6 Best Countertop Materials

Best Countertop Materials

Selecting the right countertops for your kitchen and bathroom is a very important decision, both in terms of function and style, as your choice should coincide both with your needs and your aesthetic taste.

However, if you’ve never installed countertops in your home or business before, you may be unsure which material will work with your design plans and personal needs.

So, what is the best countertop material? We’ve compiled a list and will go over how they rank in terms of appearance, maintenance, resale value, and affordability. Keep reading to see which countertop material works best for you!

Whether you’re a homeowner or a business, looking for the right countertop material is crucial. For more on finding the countertop material, particularly for coffee shops, read this article here:

1. Quartz

If you like the look of natural stone without incurring a high cost, quartz is an ideal choice for your countertops.

Quartz is made from a mixture of natural stone minerals and resin, and can be made to mimic the appearance of granite or marble.

This material is visually pleasing and is also available in a wide range of colours, making it suitable for any design style for both homes and businesses.

In regards to durability and maintenance, quartz is both stain and heat-resistant and doesn’t require any sealing.

Additionally, quartz ranks high in terms of resale value, as many homeowners actually prefer quartz countertops to natural stone.

2. Porcelain

Next on our list of the best countertop materials is porcelain. Porcelain is a great choice for both kitchens and bathrooms. Not only are they easy to install, but porcelain tile countertops can be quite affordable.

Similar to quartz, porcelain countertops are made to look like marble and are available in a number of different colours, making them suitable for many different kitchen designs.

Porcelain holds up really well to heat and is also stain-resistant, so preparing food and moving pots and pans around on the surface won’t cause cooks too much grief.

3. Granite

Granite is a natural stone that’s unique in appearance, and when used as a countertop material, no two stone slabs will look exactly the same.

Granite is reasonably durable, but it’s notably susceptible to stains. Therefore, if you choose to install granite countertops, you’ll have to regularly re-seal the surface to avoid any damage. Nevertheless, while granite is not fully stain-resistant, it is heat-resistant.

4. Solid Surface

Solid surface material is another choice for the best countertop materials for those looking to be economical. This type of countertop is made from synthetic materials to mimic the look of natural stone.

Due to its synthetic material, solid surface is malleable and can be customized in different colours.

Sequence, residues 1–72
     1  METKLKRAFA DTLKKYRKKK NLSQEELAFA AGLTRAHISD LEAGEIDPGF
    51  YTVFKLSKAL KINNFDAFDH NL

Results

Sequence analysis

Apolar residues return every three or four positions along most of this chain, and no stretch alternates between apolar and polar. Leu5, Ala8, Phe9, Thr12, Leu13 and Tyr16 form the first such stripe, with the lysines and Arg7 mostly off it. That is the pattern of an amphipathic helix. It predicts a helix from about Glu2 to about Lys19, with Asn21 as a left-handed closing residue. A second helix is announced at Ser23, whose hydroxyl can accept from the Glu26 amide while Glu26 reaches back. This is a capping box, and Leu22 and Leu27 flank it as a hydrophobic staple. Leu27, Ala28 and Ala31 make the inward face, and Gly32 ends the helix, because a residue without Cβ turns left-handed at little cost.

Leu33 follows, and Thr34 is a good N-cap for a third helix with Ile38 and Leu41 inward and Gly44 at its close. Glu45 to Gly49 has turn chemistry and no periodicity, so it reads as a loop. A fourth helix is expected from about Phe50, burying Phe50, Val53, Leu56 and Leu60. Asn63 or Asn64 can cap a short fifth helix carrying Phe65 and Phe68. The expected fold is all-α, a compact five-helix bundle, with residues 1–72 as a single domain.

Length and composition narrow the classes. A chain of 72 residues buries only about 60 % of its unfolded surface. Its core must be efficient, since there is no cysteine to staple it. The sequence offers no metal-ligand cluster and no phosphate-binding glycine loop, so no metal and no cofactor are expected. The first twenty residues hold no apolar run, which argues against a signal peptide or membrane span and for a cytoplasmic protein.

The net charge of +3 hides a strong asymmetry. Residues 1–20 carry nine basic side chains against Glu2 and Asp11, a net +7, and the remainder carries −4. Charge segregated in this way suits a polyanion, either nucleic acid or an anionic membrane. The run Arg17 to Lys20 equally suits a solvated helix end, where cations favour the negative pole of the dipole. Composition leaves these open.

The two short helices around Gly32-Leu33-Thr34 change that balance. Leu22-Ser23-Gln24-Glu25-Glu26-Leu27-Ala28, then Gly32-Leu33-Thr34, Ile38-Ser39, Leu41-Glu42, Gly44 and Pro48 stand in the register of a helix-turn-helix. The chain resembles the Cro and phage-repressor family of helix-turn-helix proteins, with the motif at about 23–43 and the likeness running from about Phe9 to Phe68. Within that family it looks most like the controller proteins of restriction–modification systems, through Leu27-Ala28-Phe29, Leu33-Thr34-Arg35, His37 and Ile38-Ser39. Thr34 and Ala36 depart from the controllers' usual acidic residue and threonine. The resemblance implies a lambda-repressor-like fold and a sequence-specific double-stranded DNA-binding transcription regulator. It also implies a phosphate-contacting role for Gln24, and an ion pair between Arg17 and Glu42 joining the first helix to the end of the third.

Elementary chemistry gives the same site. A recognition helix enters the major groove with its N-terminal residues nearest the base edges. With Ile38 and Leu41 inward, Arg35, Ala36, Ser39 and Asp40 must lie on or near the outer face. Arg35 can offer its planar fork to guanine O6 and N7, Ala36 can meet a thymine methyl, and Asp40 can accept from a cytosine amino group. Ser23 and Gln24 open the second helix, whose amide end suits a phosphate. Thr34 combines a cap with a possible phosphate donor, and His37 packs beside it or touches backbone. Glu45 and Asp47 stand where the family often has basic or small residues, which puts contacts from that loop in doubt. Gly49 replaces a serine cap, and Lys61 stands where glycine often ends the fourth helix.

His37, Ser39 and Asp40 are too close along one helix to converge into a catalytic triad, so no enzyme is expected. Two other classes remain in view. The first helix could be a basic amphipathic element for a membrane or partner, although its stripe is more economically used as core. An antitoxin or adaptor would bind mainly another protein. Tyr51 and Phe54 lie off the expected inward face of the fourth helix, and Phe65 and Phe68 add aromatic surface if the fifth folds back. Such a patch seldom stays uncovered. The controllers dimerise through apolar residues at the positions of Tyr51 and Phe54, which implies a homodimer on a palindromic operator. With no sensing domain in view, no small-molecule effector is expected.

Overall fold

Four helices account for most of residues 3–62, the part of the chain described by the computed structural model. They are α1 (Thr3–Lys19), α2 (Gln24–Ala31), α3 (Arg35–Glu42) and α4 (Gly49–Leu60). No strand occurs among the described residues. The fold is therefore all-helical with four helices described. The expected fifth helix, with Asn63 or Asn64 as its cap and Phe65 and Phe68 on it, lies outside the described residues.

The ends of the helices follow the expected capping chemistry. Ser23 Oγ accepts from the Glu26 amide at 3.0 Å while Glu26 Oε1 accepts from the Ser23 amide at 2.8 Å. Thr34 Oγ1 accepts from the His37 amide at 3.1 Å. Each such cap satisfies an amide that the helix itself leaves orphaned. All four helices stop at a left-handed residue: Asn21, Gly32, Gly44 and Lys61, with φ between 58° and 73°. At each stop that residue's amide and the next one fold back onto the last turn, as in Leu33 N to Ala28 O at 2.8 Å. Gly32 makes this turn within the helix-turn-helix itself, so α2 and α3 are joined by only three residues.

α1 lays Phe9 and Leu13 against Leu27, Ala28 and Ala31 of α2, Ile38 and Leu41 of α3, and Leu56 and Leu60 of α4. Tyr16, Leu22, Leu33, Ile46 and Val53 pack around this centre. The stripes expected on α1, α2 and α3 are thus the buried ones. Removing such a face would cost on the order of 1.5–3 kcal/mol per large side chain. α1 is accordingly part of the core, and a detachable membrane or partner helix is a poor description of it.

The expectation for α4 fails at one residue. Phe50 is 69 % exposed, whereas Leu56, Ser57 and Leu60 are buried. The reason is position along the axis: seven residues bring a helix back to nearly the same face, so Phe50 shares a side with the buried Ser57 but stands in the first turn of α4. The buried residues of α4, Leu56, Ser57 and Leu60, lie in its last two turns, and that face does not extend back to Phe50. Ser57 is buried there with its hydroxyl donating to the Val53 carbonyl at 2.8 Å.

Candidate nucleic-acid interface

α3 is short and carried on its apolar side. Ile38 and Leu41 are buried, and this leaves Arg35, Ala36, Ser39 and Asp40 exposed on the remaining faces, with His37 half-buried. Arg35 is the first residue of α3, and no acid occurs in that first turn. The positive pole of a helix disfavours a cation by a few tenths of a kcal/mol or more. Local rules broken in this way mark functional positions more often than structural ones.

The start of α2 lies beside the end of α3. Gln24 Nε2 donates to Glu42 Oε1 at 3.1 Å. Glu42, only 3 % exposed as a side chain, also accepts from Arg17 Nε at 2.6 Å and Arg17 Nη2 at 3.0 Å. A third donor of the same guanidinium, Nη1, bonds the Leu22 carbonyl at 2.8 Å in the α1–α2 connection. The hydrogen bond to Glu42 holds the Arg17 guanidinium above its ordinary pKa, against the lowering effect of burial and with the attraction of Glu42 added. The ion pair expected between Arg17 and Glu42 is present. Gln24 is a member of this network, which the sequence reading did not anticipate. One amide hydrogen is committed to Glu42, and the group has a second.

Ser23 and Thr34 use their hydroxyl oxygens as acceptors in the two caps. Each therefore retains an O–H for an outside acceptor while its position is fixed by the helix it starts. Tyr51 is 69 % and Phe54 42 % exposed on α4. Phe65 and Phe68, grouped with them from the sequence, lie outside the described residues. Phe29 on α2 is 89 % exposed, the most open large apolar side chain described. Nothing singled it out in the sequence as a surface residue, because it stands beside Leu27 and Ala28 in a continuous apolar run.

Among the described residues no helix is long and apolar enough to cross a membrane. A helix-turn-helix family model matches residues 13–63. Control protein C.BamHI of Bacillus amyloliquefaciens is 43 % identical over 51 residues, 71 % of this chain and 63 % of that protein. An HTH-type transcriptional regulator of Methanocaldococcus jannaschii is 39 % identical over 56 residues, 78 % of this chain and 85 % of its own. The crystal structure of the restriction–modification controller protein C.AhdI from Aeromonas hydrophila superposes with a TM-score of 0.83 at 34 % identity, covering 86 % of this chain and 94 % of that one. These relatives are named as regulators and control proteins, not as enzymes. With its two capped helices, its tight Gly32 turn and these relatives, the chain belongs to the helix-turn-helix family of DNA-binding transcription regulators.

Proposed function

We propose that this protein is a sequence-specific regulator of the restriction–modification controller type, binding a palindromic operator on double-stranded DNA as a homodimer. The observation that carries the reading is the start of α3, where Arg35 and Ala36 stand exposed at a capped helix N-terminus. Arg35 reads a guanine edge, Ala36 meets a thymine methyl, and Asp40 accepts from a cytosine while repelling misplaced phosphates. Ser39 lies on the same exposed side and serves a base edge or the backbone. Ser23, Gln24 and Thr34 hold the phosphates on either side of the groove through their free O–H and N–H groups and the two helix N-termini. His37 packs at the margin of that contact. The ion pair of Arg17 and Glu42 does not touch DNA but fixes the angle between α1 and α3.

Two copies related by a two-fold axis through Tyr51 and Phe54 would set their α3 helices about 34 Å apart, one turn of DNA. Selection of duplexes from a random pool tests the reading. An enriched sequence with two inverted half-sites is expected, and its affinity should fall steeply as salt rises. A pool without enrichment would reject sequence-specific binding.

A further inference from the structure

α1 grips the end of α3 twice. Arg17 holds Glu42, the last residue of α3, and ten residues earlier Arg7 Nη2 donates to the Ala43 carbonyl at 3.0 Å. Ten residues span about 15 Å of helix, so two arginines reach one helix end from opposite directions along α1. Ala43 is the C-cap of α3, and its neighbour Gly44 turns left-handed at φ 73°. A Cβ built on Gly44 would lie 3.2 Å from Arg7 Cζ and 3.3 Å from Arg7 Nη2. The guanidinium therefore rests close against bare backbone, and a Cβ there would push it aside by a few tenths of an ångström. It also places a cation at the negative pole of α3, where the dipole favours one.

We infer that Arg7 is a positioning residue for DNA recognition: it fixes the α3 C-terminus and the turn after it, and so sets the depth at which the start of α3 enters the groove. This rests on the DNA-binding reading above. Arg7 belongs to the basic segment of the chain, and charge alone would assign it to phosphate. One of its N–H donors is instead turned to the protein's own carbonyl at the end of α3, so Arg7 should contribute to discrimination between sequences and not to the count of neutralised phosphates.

Unfortunately, solid surface is susceptible to stains and burns, but these can be easily removed by sanding down the areas that have been marked.

The resale value of this material won’t be as high as the above-mentioned options, but solid surface is considered higher grade than other synthetics like laminate. Therefore, installing solid surface countertops likely won’t impede your ability to sell your home at a later date.

5. Marble

Marble is preferred by professional or hobbyist bakers, as it has a naturally low temperature that makes it easier to form and roll dough directly on the surface.

Similar to granite, marble countertops are made from natural stone, so they will run you high up in terms of cost. Therefore, these countertops are best suited to those who aren’t on a strict budget.

Marble countertops are durable and resistant to heat and surface breakage. However, this material is easily scratched, so homeowners will need to regularly seal the surface to avoid this issue.

6. Soapstone

Soapstone is a non-porous material, meaning it doesn’t absorb residual substances.

It has a distinct appearance, usually consisting of veining in different colours. It’s also high in talc, so it has a feeling similar to the texture of bar soap.

This countertop material is durable and is heat resistant. However, soapstone is susceptible to scratching and denting (although minimal damage to the surface actually adds to the patina, so as long as it’s just an occasional scratch, it should hold up okay).

When it comes to maintenance, it’s recommended that homeowners treat the surface of the soapstone with mineral oil once every month to keep the counters in good condition.

In regard to expense and resale value, soapstone counters rank similarly to granite countertops, so this material is best suited to those who aren’t on a strict budget.

Final Thoughts

If you’re looking for new countertops for your home, consider this list of the best countertop materials.

Examine which countertop best fits your needs in terms of appearance, cost, and maintenance before making the final decision, and then enjoy the process of installing your new countertops with some of the best materials around!

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